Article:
“Yeah, I think the biggest this is, if we’re fortunate enough to win this game, then we talk about what’s next with regard to those steps, and that’s exactly how we’ll approach it,” McVay said. “The first thing is we’ve got to win this game, and that’s going to be a great challenge for us. So, that’s really kind of where we’re at, solely focused on trying to win the game against an excellent football team that’s been doing it as well as anybody over the last 10 full years, and the luxuries or some of the opportunities that are presented as a result of winning that are things that we’ll have to filter through as an organization after this.”

McVay moves fast.

On Sunday, he looks to cross the finish line.

Contact reporter Michael Gehlken at mgehlken@reviewjournal.com. Follow @GehlkenNFL on Twitter.

Don't miss the big stories. Like us on Facebook.
Super Bowl protest in New Orleans raises $57k for community

Thousands of people attended the city of New Orleans’ protest parties on Super Bowl Sunday, and many of those who attended a special fundraiser contributed more than $57,000 for a foundation that works to improve the community.

Rob Gronkowski hit by beer can during Super Bowl parade

Rob Gronkowski, the New England Patriots’ star tight end, says he got hit in the face by a can of beer thrown during Tuesday’s Super Bowl victory parade in Boston.

Huge crowds pack Boston streets for Patriots’ Super Bowl parade

A party atmosphere enveloped the city as fans clad in team garb packed sidewalks and stood on tiptoe for a glimpse of quarterback Tom Brady, coach Bill Belichick and the rest of the team. Red, white and blue confetti rained down.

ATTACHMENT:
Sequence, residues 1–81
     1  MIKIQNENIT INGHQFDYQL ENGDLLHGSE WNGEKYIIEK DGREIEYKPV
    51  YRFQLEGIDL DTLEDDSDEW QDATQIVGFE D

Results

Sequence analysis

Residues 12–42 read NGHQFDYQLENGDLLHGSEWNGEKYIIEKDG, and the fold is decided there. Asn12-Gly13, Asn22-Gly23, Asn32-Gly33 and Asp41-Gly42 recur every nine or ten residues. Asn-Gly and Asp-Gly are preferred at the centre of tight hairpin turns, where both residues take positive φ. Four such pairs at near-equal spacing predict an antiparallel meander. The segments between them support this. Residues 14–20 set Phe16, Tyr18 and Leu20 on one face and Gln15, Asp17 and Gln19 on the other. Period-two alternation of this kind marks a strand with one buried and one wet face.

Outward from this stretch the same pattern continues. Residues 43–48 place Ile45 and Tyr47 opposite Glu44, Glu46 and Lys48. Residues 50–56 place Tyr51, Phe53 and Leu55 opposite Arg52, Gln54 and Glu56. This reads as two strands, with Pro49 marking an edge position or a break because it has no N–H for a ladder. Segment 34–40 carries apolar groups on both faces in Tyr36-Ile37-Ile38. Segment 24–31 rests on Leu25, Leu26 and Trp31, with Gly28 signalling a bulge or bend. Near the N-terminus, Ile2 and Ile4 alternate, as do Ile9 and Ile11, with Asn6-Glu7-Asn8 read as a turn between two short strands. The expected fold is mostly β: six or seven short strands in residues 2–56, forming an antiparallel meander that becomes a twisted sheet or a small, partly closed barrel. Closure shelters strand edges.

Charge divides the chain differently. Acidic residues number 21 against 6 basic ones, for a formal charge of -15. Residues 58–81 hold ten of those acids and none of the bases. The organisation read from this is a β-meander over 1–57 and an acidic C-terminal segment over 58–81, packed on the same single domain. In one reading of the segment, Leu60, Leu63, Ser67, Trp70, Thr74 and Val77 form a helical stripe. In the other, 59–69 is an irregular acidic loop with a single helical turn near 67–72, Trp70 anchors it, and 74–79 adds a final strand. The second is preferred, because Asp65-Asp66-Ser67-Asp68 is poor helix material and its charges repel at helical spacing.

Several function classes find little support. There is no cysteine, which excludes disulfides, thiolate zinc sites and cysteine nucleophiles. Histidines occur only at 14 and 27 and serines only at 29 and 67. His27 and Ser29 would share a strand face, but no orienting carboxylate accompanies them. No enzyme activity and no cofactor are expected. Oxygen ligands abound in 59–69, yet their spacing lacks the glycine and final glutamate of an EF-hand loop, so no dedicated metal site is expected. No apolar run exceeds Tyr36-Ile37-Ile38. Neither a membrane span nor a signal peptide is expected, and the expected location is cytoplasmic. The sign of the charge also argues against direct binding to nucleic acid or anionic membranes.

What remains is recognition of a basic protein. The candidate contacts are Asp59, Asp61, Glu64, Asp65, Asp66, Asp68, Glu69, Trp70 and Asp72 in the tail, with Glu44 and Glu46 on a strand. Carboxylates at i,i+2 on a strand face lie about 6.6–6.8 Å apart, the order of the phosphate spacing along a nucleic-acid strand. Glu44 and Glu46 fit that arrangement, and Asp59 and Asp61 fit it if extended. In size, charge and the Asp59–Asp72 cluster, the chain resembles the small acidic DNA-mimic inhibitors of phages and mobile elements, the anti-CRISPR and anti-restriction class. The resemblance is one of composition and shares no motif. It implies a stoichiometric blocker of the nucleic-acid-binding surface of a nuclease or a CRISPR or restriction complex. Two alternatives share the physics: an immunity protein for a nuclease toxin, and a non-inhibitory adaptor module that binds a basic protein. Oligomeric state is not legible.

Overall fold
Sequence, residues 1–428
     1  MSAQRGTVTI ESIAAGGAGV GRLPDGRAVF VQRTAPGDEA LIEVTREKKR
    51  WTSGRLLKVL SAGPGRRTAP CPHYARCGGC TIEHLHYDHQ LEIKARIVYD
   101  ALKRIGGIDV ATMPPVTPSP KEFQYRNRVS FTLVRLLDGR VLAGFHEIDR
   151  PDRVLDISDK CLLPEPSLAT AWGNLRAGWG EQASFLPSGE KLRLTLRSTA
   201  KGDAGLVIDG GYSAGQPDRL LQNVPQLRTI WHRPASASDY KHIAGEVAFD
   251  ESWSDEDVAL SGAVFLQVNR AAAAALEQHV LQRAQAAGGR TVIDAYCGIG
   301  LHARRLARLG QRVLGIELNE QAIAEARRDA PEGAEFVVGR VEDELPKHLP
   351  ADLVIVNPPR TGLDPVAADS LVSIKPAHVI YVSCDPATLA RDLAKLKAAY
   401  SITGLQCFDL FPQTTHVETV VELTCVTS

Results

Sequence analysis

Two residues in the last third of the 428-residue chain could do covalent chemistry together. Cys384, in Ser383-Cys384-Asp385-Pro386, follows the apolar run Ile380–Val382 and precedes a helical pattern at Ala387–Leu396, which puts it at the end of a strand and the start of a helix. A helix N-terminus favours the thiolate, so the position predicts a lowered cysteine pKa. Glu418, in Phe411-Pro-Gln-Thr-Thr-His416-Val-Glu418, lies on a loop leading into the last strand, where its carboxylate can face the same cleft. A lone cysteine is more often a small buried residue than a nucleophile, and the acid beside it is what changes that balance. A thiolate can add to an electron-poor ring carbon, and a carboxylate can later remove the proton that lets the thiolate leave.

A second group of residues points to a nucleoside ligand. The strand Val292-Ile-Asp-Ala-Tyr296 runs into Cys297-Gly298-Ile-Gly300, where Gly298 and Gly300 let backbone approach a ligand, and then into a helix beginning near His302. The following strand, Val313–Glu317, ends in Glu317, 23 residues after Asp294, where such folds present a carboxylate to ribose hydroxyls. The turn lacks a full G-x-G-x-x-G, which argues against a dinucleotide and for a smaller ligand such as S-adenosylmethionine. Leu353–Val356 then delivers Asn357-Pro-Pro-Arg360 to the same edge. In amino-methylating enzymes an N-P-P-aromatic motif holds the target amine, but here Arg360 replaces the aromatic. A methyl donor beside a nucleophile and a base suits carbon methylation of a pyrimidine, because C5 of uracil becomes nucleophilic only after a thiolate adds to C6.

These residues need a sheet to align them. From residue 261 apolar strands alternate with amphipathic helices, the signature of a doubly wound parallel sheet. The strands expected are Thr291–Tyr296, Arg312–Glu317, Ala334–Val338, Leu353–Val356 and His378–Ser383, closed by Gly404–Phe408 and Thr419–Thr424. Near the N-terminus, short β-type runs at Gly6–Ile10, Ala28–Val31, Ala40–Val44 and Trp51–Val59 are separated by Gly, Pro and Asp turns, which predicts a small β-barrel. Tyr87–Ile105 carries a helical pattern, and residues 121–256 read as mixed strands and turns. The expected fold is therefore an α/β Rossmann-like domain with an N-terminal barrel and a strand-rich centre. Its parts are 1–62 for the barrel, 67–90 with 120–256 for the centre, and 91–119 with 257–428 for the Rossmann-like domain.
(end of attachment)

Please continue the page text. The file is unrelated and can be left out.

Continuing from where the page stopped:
ALS patient dies in ‘freak accident’ on way to Super Bowl

A man with Lou Gehrig’s disease who dreamed of going to the Super Bowl secured tickets from a charity, but was killed when the minivan he was traveling in caught fire on the way to Atlanta.

Patriots’ McCourty twins say they won’t visit White House

New England Patriots defensive back Devin McCourty said Monday he won’t go to the White House if the Super Bowl champions are invited by President Donald Trump, and teammate and twin brother Jason said he highly doubts he would make the trip.

Super Bowl receives lowest number of viewers since 2009

The New England Patriots’ competitive but action-starved Super Bowl victory over the Los Angeles Rams was seen by 100.7 million people on television and streaming services, the smallest audience for football’s annual spectacle in a decade.

Super Bowl handle of $145.9M falls short of Nevada record

A game that set a Super Bowl record for futility fell well short of setting a Nevada record for betting handle. The books won $10.7 million on the game, which was the lowest-scoring Super Bowl ever, for a 7.4 percent hold, or win percentage.

Adam Levine’s Super Bowl nipple reveal prompts backlash

First, critics panned Maroon 5’s Super Bowl halftime performance. Then social media folks went full-on snark over Adam Levine’s throw pillow-like tank top design. Then he peeled off the busy brown shirt and the snark turned to outrage over his exposed nipples.

Thousands join New Orleans’ Super Bowl boycott party

Still stinging from having a berth in Super Bowl LIII ripped away from them, thousands belonging to Who Dat Nation joined together Sunday in a sign of solidarity and boycotted the game turning, off televisions and partying like it was Fat Tuesday.